He used techniques and strategies that lived outside the norm and was never afraid of innovation. He also used as his core philosophy to be true to one’s self. He thought if you coached true to your beliefs and philosophy that, at the end of the day, you could take great satisfaction in a job well done…regardless of the result. I remember after we lost in the semi-finals of the state tournament, he told us that the result of the game is never what is important…it is what happens subsequent to that result that will determine if it was a net positive or negative in one’s life.

In this way, a loss in districts could be viewed as a “better” result long-term than winning a state championship if one uses that loss in a positive sense as opposed to one who, as a result of the state championship, makes negative or destructive decisions.

Q3: What are the major lessons learned in basketball that can be carried over into a young man’s life well after his competitive playing days are done?

Doug’s Response: There are so many, but to highlight a couple: The importance of being part of something larger than one’s self and the corresponding need to sacrifice…at times…what is in your personal best interests for the good of the team. Ironically, this selfless approach will, in the long run, bring greater personal success and accomplishment.

A related lesson is that each member of the team has a role and that every role is important to the overall success of the team/organization. This is one reason why so many successful leaders in business have come from the athletic realm. The obvious traits of discipline and work ethic are things that will carry one far in whatever career or endeavor they choose.

Successful basketball teams are built on trust – trust among teammates as well as trust between players and coaches. A culture of trust is one that is critical to long-term success, be it in business, education, or any other vocation in life.

The Sharing Wisdom: A Series of Coaching Perspectives is written by Heidi Woodard.

On a semi-steamy day back in July 1999, I said “I do” to not only my husband, Ryan, but also to a lifetime of basketball.

You see, for those who don’t know, my husband is the son of a legendary basketball coach in and around the Midwest, Doug Woodard. My father-in-law has coached for an eternity. I’m sure there’s an actual number of years I could plug in there, but the past 17 years have been at Bellevue West High School leading the defending Class A State Championship Thunderbirds team.

doug woodard

Doug Woodard and the Bellevue West Thunderbirds. Photo c/o Omaha World-Herald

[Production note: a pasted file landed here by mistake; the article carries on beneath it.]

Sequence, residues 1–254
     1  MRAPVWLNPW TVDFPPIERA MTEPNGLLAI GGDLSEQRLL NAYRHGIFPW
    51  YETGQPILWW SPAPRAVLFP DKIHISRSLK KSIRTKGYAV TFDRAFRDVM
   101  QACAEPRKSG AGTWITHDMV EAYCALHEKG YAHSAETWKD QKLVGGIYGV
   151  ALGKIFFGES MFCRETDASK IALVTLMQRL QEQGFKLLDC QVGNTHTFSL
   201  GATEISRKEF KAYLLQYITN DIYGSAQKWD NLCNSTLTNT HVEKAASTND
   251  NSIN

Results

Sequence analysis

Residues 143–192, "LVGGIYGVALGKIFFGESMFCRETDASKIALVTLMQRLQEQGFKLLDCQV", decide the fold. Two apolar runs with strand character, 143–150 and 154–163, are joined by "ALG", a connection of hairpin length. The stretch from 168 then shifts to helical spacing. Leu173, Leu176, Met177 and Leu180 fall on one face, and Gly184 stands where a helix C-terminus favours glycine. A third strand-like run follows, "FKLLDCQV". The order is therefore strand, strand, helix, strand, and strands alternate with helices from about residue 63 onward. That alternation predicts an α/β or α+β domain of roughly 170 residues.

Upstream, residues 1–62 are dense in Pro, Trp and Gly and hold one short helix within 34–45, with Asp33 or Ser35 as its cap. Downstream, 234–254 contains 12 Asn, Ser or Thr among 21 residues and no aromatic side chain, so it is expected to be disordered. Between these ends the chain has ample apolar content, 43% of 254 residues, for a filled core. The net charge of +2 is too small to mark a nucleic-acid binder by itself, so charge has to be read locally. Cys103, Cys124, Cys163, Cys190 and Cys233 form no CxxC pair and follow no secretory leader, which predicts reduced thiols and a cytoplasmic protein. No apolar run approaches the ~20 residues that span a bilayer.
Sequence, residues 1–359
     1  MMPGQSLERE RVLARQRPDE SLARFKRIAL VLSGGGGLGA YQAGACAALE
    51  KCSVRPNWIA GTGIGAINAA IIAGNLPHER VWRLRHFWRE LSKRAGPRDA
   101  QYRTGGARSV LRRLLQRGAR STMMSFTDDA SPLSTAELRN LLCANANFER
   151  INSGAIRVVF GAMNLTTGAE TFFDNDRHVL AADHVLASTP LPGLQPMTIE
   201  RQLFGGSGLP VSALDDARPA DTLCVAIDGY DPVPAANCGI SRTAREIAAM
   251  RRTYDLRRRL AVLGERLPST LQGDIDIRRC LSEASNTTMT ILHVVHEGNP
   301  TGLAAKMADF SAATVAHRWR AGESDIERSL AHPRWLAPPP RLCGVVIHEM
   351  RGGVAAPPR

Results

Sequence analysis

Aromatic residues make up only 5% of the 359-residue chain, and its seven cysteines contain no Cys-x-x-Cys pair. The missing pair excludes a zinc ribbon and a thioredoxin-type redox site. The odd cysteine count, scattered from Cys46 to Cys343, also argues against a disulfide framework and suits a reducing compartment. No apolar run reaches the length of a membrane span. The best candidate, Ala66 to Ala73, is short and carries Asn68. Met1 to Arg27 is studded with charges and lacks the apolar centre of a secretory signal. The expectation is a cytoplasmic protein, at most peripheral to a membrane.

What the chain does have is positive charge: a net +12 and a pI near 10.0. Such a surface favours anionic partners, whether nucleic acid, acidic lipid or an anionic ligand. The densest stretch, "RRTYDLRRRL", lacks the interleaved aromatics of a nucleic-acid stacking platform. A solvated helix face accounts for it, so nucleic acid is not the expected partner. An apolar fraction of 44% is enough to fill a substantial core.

Before Bellevue West, he dedicated his time and talent to Omaha Roncalli Catholic High School. It was at Roncalli where he coached both of his sons and where my husband and I met in one of those weird classrooms that brought together a perfection-seeking honor roll girl with a slightly cocky boy who rarely opened a book outside of the classroom. It was at that same high school where Ryan and I played our best years of basketball, not knowing back then that we’d one day have three kids of our own learning how to play a game they love.

Before Roncalli, Doug coached student athletes at Bellevue Christian High School. And he still hears from those same kids even now, over two decades later, which is equally amazing and inspiring to me.

And I’d imagine that, before Bellevue Christian, Doug was thinking of ways to transition from playing a sport at which he excelled to coaching his own kids and other people’s kids on the proper ways to pass, dribble, box out, rebound, and shoot (in my husband’s case, ESPECIALLY shoot).

My sister-in-laws both played summer basketball for their dad and then went on to compete at my collegiate alma mater, Creighton University. Considering they have basketball in their blood, I am still amazed that the Woodard clan accepted me – a collegiate softball player – into their hard court crew.

The Woodard cheering section at the 2014 Nebraska High School Boys State Basketball Tournament.

The Woodard cheering section at the 2014 Nebraska High School Boys State Basketball Tournament. What? Doesn’t everyone wear matching shirts in March?

Ryan has now coached our oldest son and his teammates, the Junior TBirds, for the past six years and will both mentor them and learn from them in their final season – as eighth graders – next year. I think I’ve had nearly all of those boys in my kitchen and driveway at some point. I’ve watched them transition from simply learning how to dribble the ball to orchestrating moves that I know I personally would not be able to defend.

Last night, Ryan sent out his end of season thank you email to all of the players’ parents. He told them he will be discussing their son’s player evaluations one-on-one with each boy this weekend. He will guide these young men on what he considers to be their strengths as well as areas they can improve upon over the summer.

These players have one more year to work on their game before moving on to high school, a leap that history has proven some boys will make and others may not. I want to cup each of their faces in my hands, look at them straight in their eyes, and say “Enjoy every moment because they are some of the most fun and fastest fleeting you will ever experience in your lives.”

Ryan doesn’t hear it nearly enough, but I feel really lucky to be married to him. When it comes to the influence that both he and his father have on young men’s lives both on and off the court, I feel like the apple does not fall too far from the tree. I can confidently say that I married into a good bushel.

One downside of having basketball in the blood? Our own children will never have perfect school attendance…at least not on those years when grandpa’s team makes it to the state tournament!

Here’s wishing all of the state qualifiers good luck this year down in Lincoln.

Boys Class A State Tournament Bracket

state basketball class A

Boys All Classes Tournament Brackets

In terms of high school memories, I'd imagine it doesn't get much better than this. Photo c/o Lincoln Journal Star

In terms of high school memories, I’d imagine it doesn’t get much better than this. Just ask the 2014 State Champs Bellevue West Thunderbirds. Photo c/o Lincoln Journal Star

Written by Heidi Woodard